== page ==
Manuel Akanji: I don’t, because I never hear any. I think those days are over. Women’s football has gained quite a following.
Did your parents push you to get a real job? Not at all. They always supported my passion for sports. Yet, it was important to them that I finish my commercial apprenticeship. And I did that last year.
Why did you wait until you were 20 to switch from the Challenge League to FC Basel?
Manuel Akanji: As a junior, I was an average player. I never thought I would have a big career; I played just for the fun of it. When I hit 17, I had a growth spurt, and that boosted my performance. It was only then that I realized my potential.
Was it an advantage for you to mature in Winterthur?
Manuel Akanji: Maybe. I was able to develop my skills at my own pace. They let me play even when I was having a tough time instead of simply cutting me from the team. Big clubs have fierce competition, and many talented players are left behind. What’s amazing is that I am the only one my age on the senior national team.
What was the most emotional moment of the past season?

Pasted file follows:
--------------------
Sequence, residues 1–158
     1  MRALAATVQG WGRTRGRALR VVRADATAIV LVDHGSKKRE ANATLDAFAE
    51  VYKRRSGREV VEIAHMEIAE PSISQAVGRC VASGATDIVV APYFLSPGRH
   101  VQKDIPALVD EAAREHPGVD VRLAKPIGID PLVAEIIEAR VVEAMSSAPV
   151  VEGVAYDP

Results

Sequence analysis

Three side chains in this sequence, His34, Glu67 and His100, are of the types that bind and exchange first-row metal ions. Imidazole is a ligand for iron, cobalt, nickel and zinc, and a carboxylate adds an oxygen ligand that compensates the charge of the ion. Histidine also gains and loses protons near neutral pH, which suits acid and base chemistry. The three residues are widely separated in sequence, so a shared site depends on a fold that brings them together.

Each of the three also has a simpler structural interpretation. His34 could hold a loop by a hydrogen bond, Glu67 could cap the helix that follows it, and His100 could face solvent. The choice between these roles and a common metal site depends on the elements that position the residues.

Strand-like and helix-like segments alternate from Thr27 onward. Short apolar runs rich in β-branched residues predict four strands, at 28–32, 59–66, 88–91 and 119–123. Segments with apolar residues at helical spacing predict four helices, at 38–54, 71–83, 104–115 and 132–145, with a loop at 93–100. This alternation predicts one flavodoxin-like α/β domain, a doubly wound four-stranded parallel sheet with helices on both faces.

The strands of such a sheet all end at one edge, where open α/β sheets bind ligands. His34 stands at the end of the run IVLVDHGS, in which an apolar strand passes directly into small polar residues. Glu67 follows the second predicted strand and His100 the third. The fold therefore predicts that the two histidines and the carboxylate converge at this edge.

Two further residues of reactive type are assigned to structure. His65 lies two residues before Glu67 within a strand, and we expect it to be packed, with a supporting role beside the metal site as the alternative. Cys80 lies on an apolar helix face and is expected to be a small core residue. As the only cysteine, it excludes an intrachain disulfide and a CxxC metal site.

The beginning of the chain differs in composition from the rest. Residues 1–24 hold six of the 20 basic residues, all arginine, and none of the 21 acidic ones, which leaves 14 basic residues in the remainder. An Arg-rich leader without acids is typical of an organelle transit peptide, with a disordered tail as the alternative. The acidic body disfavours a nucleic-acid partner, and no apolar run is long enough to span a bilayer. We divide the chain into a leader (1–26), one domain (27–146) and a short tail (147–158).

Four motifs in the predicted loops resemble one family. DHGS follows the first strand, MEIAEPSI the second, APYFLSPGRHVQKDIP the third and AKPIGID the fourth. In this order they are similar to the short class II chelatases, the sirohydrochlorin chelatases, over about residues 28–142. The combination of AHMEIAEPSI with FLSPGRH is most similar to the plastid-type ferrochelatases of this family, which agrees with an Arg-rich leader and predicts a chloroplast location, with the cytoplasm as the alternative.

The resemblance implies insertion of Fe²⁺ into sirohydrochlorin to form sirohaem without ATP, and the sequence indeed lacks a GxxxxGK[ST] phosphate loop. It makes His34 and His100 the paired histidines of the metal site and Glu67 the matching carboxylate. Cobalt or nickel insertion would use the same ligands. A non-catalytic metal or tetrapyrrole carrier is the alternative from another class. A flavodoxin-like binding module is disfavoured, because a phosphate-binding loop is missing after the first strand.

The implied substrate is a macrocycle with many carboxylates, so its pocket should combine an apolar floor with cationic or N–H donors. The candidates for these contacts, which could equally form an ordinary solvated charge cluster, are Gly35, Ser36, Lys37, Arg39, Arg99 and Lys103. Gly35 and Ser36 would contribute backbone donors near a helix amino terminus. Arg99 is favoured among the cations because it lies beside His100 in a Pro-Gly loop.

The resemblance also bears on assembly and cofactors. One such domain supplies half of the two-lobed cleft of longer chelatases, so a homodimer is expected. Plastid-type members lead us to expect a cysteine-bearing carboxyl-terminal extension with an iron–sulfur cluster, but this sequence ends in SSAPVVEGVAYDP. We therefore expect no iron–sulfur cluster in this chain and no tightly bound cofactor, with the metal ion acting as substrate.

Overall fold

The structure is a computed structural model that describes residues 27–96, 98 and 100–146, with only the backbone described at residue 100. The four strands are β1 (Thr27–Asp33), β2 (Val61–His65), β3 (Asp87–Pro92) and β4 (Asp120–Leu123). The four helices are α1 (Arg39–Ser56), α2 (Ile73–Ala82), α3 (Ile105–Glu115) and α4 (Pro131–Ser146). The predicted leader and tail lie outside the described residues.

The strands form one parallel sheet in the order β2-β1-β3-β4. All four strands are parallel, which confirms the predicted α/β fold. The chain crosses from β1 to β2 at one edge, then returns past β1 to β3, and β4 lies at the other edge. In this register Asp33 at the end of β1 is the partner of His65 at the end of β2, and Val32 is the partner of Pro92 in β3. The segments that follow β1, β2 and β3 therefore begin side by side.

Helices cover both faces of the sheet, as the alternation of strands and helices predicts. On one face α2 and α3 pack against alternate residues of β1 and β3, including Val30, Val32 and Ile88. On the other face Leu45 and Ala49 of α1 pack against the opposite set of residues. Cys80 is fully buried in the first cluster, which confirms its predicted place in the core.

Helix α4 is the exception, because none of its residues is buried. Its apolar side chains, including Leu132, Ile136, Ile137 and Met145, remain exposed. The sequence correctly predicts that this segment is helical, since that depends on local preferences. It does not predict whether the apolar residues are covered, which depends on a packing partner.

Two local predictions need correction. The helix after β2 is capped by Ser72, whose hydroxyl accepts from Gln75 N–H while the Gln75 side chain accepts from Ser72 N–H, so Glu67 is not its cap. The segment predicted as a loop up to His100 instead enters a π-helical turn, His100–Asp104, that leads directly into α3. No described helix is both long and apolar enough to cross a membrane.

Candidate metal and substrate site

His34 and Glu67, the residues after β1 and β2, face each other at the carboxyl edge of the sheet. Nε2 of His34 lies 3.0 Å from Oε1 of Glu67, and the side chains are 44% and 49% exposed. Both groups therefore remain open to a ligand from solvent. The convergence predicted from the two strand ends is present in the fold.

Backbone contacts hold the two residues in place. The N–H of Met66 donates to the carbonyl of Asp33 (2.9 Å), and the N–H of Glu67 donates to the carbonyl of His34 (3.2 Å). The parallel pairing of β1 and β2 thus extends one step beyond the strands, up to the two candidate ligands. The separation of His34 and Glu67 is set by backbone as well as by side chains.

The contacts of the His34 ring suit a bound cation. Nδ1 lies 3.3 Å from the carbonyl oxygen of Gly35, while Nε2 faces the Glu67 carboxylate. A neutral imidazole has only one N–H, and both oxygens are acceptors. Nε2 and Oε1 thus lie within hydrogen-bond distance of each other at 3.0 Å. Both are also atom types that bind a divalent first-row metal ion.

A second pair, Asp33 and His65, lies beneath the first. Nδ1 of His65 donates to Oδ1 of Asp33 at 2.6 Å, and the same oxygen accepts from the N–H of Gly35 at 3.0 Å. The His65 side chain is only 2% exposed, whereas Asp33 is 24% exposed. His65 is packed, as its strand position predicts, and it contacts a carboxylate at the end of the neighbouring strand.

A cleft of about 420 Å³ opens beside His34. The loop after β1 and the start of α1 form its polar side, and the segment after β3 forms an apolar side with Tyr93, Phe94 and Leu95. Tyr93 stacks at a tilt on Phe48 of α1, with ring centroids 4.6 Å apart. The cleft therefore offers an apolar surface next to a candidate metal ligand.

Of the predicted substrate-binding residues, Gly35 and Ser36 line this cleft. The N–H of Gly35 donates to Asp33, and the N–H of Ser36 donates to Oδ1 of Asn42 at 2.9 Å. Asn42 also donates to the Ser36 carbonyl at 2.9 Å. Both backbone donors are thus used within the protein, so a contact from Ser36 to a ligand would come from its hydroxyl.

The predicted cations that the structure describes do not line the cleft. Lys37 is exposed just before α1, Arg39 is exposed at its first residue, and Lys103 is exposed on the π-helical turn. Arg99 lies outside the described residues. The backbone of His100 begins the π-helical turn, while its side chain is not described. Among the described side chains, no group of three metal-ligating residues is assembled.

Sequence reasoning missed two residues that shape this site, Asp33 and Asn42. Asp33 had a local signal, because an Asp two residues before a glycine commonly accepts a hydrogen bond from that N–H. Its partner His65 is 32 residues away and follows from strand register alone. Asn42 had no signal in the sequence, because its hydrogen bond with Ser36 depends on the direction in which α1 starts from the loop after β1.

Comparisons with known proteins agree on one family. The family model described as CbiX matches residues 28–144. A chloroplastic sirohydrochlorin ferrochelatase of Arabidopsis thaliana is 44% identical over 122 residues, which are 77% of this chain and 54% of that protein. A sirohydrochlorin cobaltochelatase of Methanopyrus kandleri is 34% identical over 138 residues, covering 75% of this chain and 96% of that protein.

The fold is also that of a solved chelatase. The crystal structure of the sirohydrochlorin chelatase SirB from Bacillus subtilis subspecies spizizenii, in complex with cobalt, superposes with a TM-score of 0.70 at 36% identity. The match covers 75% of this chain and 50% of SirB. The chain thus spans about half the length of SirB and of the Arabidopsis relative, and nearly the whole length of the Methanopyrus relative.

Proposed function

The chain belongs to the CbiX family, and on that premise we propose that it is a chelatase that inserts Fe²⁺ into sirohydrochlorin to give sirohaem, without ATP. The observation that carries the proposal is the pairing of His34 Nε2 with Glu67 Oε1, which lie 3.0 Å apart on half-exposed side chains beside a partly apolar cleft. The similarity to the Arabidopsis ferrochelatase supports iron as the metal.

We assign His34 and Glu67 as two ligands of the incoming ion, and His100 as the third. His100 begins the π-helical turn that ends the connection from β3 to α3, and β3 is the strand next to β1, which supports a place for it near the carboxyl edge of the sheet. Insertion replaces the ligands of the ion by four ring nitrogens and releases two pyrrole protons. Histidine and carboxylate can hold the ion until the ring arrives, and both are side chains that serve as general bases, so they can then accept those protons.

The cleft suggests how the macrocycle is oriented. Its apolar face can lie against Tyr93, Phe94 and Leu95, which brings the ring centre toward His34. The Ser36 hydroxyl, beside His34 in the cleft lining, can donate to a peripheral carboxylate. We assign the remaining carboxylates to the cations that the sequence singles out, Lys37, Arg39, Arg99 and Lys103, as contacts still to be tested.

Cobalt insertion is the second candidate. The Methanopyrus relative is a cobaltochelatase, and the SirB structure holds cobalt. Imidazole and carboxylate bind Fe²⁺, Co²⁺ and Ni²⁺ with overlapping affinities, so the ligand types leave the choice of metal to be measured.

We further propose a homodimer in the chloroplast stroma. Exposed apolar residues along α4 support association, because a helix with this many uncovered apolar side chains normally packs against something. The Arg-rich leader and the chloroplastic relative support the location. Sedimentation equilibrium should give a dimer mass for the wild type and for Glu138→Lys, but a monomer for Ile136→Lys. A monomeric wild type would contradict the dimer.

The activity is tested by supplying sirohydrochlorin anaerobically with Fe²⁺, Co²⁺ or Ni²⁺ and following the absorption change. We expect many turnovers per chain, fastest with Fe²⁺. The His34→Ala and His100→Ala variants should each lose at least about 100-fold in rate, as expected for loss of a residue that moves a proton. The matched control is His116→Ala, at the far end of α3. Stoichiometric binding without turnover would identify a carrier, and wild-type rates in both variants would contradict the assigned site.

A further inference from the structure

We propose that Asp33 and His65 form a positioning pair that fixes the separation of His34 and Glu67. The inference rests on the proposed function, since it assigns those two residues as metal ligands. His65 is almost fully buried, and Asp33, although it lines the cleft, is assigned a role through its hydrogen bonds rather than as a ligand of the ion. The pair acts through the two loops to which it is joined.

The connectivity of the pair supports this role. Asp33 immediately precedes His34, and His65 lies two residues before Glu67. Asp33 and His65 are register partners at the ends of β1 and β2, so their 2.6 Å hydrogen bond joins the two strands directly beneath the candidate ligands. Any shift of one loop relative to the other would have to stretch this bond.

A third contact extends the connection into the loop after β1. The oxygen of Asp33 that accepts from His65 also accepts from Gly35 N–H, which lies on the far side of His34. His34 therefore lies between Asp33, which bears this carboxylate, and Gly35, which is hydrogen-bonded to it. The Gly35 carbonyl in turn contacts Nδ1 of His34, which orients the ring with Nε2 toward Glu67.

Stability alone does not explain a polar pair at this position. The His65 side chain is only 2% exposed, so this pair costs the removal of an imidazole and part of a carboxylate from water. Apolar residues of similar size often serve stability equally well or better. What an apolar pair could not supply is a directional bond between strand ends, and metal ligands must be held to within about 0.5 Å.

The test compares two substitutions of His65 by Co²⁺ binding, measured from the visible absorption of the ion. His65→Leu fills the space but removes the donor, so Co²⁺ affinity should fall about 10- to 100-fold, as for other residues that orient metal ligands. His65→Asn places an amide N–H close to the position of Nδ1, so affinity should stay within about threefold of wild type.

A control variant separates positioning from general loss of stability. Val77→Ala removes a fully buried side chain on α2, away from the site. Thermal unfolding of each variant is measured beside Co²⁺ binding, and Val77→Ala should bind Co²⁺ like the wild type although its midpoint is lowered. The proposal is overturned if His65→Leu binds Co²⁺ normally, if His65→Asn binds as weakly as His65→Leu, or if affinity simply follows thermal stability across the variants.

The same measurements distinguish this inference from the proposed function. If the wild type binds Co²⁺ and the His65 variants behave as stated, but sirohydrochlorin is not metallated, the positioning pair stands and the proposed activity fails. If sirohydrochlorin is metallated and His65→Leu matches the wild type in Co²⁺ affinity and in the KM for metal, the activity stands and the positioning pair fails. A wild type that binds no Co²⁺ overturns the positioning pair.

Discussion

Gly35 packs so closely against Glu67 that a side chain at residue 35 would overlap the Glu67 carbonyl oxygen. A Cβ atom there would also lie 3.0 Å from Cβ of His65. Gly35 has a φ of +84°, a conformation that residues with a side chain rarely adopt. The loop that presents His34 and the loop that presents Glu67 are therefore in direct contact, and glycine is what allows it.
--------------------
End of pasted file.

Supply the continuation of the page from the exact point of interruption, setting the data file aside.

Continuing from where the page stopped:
Manuel Akanji: The first match after my long injury was really emotional. As soon as I stood on the field, I had a tremendous feeling of euphoria, and any fear of another injury subsided. Of course, the cup victory against FC Sion was also something special.
In June, you had your debut on the national team. How were you received by the team?
Manuel Akanji: They welcomed me wholeheartedly. I’ve even been allowed to have a go on the Playstation and got to show the old hands how it’s really done.
Your father is from Nigeria. Have they asked you to play for their national team?
Manuel Akanji: Not that I’ve heard. Switzerland made an effort to keep me, so it was crystal clear that I would play here.
Who has been the strongest opposing player of your career so far?